Marine Licences – What’s been happening?

One of our major tasks is to check proposed developments in Solent waters to ensure they will enhance, or at least not damage, those features of the Solent which we all want to preserve and improve. Since February 2017 we have been doing this by monitoring Marine Licence Applications in the Public Register issued by the Marine Management Organisation (MMO). The public register covers the whole coastline of England and is divided into regions – not the same regions as those used for the Marine Plans. The Solent is included in the South East Marine Licence region which extends from Southend to west of the Isle of Wight. Sometimes Solent applications are misallocated to the South region, which extends west to Dartmouth so we have to look there too. The summary of Applications is supposed to include location but often this is left blank or uses some
extremely local designation such as the name of a house where the owner wants to build a slipway. In such cases we have to dig deep into the associated documents, sometimes as many as 25, to find whether the application is for work in the Solent.

Most applications involve work on or very close to the shoreline but some, not usually in the Solent, are in deeper offshore waters, such as offshore wind farms and new power cables to/from France, enhancing Britain’s capacity to import or export electricity.

Each month we issue a report to our Society’s Council showing all those applications which are open for consultation, together with a summary of the proposed work; those applications which the MMO have already decided whether to permit or refuse; and those applications which have been submitted but not yet decided. Our Council decides whether we should object, ask more questions, or suggest some improvements to the scheme or some conditions which should be imposed.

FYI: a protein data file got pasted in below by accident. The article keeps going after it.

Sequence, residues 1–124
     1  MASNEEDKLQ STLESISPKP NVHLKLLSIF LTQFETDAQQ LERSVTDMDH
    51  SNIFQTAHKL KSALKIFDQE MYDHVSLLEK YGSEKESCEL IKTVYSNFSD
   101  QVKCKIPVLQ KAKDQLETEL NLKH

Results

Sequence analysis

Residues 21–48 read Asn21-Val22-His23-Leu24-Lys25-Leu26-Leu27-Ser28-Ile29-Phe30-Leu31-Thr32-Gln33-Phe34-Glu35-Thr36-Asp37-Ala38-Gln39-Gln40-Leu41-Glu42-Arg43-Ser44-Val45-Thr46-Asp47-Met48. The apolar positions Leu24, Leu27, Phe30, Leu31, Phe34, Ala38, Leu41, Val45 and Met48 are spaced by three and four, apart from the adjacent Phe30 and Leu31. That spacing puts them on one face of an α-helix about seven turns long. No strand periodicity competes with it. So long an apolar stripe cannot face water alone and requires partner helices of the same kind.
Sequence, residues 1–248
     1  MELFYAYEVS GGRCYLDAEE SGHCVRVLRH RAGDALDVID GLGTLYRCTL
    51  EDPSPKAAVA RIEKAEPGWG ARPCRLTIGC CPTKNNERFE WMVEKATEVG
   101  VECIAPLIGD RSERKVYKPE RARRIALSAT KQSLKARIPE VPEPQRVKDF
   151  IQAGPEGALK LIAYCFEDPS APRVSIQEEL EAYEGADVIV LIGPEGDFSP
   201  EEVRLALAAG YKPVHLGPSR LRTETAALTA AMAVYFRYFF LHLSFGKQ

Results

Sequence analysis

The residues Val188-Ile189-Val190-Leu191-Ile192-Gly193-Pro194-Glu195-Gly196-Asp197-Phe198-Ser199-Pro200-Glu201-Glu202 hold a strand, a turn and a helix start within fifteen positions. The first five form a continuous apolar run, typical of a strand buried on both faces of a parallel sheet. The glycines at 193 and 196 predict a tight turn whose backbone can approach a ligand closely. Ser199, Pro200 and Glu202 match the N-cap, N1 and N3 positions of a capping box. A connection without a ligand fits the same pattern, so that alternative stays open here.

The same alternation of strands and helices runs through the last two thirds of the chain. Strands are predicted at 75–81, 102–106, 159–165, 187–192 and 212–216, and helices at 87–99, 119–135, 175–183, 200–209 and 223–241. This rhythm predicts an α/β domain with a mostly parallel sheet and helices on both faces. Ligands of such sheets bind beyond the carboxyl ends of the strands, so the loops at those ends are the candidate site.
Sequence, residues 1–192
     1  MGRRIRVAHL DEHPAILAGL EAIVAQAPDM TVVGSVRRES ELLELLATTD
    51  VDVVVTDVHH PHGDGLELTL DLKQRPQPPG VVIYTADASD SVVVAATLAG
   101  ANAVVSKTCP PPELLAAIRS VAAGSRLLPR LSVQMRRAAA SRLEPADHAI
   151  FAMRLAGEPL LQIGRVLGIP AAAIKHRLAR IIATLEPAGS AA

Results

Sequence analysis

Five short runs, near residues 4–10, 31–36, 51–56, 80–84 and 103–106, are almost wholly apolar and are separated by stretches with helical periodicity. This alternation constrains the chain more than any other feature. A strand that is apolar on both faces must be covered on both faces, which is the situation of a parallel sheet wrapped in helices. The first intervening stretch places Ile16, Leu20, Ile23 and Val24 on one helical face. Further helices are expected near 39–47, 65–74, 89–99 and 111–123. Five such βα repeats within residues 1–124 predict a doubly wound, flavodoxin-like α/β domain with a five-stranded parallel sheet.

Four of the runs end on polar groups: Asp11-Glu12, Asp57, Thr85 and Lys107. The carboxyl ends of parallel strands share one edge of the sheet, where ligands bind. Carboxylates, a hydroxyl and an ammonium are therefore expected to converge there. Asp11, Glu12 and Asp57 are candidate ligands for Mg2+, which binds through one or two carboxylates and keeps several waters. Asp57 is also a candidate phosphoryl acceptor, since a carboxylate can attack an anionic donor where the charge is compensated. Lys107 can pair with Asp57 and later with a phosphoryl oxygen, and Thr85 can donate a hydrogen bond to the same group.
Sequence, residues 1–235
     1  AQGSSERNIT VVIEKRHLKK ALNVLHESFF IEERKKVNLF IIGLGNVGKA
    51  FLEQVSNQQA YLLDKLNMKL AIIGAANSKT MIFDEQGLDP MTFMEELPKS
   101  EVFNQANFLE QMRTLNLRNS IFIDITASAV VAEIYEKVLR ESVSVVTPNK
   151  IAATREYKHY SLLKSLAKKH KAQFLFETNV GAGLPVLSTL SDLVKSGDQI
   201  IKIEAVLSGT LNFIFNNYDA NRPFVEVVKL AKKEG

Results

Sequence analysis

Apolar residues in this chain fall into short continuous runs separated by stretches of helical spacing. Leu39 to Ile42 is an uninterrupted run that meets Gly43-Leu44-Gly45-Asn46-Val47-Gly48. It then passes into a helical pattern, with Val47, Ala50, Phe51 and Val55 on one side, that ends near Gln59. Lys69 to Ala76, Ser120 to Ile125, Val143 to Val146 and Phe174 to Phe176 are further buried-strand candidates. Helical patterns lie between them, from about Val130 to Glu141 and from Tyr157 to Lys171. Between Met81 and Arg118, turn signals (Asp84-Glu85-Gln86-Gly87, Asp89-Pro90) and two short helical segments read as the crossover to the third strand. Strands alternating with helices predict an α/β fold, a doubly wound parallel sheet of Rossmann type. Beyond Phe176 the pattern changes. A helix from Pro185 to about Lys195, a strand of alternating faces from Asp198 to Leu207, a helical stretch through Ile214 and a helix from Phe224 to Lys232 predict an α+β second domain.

In August there were four applications open for consultation which all happened to be in the Southampton area although two of them were found in the wider MMO’s South region. And there are five applications which have already been completed by the MMO.

Current applications open for consultation, which we are considering at the time of writing are:

  1. Extending the Ocean Quay Marina on the River Itchen, where we are concerned about excessive narrowing of the navigational channel and have asked for the extensions to be reduced in length so as not to extend into the river any more that the neighbouring Shamrock Quay.
  2. Maintenance at Hythe Marina Village comprising replacement piles and augmenting the rock-armoured sea defences.
  3. Capital dredge at Ashlett Creek to improve access to the moorings of Ashlett Sailing Club.
  4. Maintenance dredging by Solent Gateway Ltd., who own and operate the military port at Marchwood. This together with item 3 are cases where we encourage MMO to get applicants to take seriously the need to find beneficial uses of dredged material such as replenishment of salt marshes and seagrass beds instead of assuming it can be dumped at sea as has always been done in the past.

Our comments are taken seriously by the MMO who often pass them on to the Applicant and we usually get a reply giving more information or agreeing to consider our concerns. When the decision is made there are often changes or conditions imposed which reflect our concerns and so we believe that our interventions have a beneficial effect in mitigating any adverse effect of developments, and improving conditions in the Solent.